Our first trip out is to visit Gettysburg. Touring the battle site can be done by tour bus (not our style), private tour guide (none available) or using a CD to describe the site while following the auto tour signs. This seems to be our best option, so we purchase the most comprehensive 150-year anniversary edition CD that follows the battle time line and start out. This is a perfect way to tour the battlefield. We drive at our pace and we get a pretty thorough understanding of the battle, the distances involved and the horrendous loss of lives. It’s sobering to walk the battlefields and imagine the carnage of the past.
|Maple Ice cream|
in a bacon cup
On our way back we stop in the town of Gettysburg at the Garryowen Irish Pub. How can you go wrong with 56 brands of Irish Whiskeys and traditional pub food? After a couple of shots of Jameson we dine on fresh Oysters on the Half Shell, Garden Salads, Yummy Guinness Beef Stew, and a Mixed Grill of Bangers, Bacon, Pork and Sausages. For desert we indulge in the Soda Bread Pudding and the Maple Ice Cream served in a Bacon Cup. (Yum Bacon!) Our server is fun, the food outstanding and there’s live music filtering down from upstairs. Too bad we're not staying closer, every Tuesday they have 'Bacon Night" featuring bacon dishes and bacon cocktails. A true gem in the area!
In York we stop at the Central Market. This farmer’s market has been in continuous operation three days a week since 1888. There are a lot of food vendors but there is also fresh produce, organic local meats and dairy products. So, we fill our fridge and freezer with a selection of these.
This area of Pennsylvania is known as the factory tour capital of the world… so a touring we will go. First stop the Harley Davidson factory, where we tour the plant. After s short introductory film, we enter the plant to see gas tanks and fenders being fabricated and the assembly line where the Touring, Softail®, CVO™ and Trike models are built. They provide wireless headsets so we can hear the tour guide over the noise of the factory. It’s informational, fun and best of all FREE!
No trip to the area would be complete without a stop in Hershey. At Chocolate World, we take the free tour, not a real factory tour, but a simulation complete with singing cows. There is a trolley tour of the town. It’s corny and fun and gives a bit more insight into the inventor of Hershey’s famous chocolate and the town. Most impressive is the Milton Hershey School; a cost-free, private, coeducational home and school for children from families of low income, limited resources, and social need, funded by a trust set up by Milton Hershey and his wife Catherine. We sign up for the Chocolate Tasting Adventure. We lean about coco production and then look, listen, smell and taste five varieties of Hershey’s chocolate. Upon completion we are awarded a Master’s Degree in Chocolate Tasting from Hershey’s University. Love that higher education especially when it involves chocolate! And, the best of all, in the Hershey's store you get the absolute freshest candies you've ever tasted!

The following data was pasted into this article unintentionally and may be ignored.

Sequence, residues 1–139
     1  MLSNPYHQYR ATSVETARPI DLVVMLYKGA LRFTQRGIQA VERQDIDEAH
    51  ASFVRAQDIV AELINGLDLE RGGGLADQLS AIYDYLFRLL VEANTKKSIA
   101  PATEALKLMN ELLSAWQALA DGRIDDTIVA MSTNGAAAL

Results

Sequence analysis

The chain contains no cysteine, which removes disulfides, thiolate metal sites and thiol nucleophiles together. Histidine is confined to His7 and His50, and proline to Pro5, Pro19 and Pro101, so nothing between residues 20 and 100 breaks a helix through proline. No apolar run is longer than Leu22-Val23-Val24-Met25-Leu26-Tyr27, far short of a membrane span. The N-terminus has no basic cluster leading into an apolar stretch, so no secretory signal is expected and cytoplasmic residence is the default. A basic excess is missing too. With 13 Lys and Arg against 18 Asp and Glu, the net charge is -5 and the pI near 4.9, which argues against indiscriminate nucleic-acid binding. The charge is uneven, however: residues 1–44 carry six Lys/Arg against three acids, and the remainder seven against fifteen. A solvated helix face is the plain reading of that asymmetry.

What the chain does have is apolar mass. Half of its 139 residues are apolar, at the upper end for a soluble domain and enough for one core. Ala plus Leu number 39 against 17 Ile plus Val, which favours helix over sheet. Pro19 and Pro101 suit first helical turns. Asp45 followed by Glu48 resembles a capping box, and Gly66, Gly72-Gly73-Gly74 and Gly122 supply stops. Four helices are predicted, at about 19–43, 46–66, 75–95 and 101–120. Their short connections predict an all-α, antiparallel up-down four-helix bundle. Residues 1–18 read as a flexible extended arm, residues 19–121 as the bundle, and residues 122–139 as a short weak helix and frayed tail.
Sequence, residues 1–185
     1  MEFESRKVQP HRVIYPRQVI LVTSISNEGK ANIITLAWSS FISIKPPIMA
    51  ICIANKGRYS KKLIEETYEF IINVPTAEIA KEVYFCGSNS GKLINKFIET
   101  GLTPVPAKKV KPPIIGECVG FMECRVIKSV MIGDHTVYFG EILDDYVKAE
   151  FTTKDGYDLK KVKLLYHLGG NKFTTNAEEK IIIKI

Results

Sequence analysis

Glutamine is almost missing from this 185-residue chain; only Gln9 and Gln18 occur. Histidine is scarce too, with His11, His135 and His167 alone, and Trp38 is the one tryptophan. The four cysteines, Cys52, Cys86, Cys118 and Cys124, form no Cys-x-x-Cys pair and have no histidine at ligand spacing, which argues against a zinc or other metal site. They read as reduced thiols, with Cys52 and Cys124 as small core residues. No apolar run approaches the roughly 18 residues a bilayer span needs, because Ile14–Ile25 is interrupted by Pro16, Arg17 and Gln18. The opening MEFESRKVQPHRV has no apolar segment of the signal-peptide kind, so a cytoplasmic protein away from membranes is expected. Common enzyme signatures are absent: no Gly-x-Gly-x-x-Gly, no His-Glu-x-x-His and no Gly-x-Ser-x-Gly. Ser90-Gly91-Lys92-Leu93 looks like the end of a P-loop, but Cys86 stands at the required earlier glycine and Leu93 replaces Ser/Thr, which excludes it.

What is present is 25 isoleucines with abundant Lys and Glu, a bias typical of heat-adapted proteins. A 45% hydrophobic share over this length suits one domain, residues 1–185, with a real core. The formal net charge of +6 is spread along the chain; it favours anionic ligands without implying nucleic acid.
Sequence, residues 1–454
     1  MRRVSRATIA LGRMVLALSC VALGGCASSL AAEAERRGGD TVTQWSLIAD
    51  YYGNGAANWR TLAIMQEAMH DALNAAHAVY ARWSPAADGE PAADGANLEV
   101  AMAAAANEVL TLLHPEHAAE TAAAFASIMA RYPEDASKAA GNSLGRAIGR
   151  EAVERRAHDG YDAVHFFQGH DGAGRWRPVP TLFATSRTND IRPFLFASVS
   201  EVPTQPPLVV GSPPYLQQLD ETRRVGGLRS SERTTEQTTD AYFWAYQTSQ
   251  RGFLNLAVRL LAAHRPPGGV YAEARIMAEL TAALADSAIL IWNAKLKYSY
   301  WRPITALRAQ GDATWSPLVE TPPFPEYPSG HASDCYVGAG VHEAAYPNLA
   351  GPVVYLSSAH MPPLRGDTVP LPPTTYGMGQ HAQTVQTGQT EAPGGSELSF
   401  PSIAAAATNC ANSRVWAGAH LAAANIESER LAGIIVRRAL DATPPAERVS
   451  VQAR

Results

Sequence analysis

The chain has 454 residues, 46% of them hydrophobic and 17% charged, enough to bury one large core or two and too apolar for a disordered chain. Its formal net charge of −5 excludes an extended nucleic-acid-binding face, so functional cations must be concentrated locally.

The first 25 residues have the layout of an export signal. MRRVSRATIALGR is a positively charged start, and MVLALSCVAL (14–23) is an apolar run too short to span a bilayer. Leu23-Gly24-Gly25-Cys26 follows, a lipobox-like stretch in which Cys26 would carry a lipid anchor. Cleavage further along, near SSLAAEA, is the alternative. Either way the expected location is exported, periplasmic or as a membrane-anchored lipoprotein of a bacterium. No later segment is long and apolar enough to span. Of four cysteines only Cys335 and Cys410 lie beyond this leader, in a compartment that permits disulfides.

Nearby Lancaster County is home to Amish and Mennonite farms. We drive through the countryside past fields being tilled by teams of horses, share the road with horse drawn buggies and see folks on old fashioned bicycles peddling about. Their clothes are plain, their demeanor serious, they are self-sufficient and their pockets full of cash. It’s easy to over romanticize this lifestyle, but like all communities there is a dark-side, an internet search turns up incidents of physical and sexual abuse, genetic disorders stemming from a closed community, puppy mills and lets not forget the Discovery Channel’s Amish Mafia.
Over in Hanover, we visit the Revonah Pretzel Factory. When we arrive the tour guide is not available, but we are invited into the workroom where they are rolling and hand twisting a batch of hemp pretzels. (Hempzels.) We get to taste some of the garlic hemp dough and watch them dip the pretzels in a soda solution and place them in the 1930’s era oven. They have been making pretzels like this for 150 years and their soft pretzels are the official pretzels of the Pittsburg Steelers.
In contrast the Utz chip factory is a vision of stainless steel automation.The self-guided tour takes us along a glass-enclosed walkway above the factory floor. Tons of potatoes (literally) are poured into bins, they are sorted, washed, peeled, sliced, fried, seasoned, cooled, bagged in nitrogen infused packaging, boxed and loaded onto Utz trucks for delivery around the Mid Atlantic States. At the end of the tour we get a bag of chips… yep it’s all that and a bag of chips. (Sorry couldn’t resist.) Then we head over to their outlet center to pick up some snacks and try some ‘new flavors’ the bacon horseradish chip is interesting – love the bacon flavor, but it’s a little heavy on the horseradish.
|Bakery in Reading Trminal|
Next it’s onto Philadelphia. We stay at the Timberlane Campground, in Clarksboro NJ. It’s the closest RV Park to Philly and it has killer WIFI! It only takes us a half hour to drive across the Ben Franklin Bridge into the City. First stop is the Independence National Historic Park where we check out the displays and view the Liberty Bell. Tours of Independence Hall have sold out so we just enjoy the park for a bit and then head over to the Reading Terminal Market. The market is a giant food court and farmer’s market. No Chain or franchises here, just local foodstuffs. We grab a Cheesesteak sandwich at Carmens. Not the best we’ve ever had… actually pretty disappointing. We pick up a few bottles of gourmet olive oils and call it a day. Not really into the big city crappy traffic experience today, but it’s been fun.
Well enough time here in the State of Virtue, Liberty and Independence… time to try our luck in Atlantic City…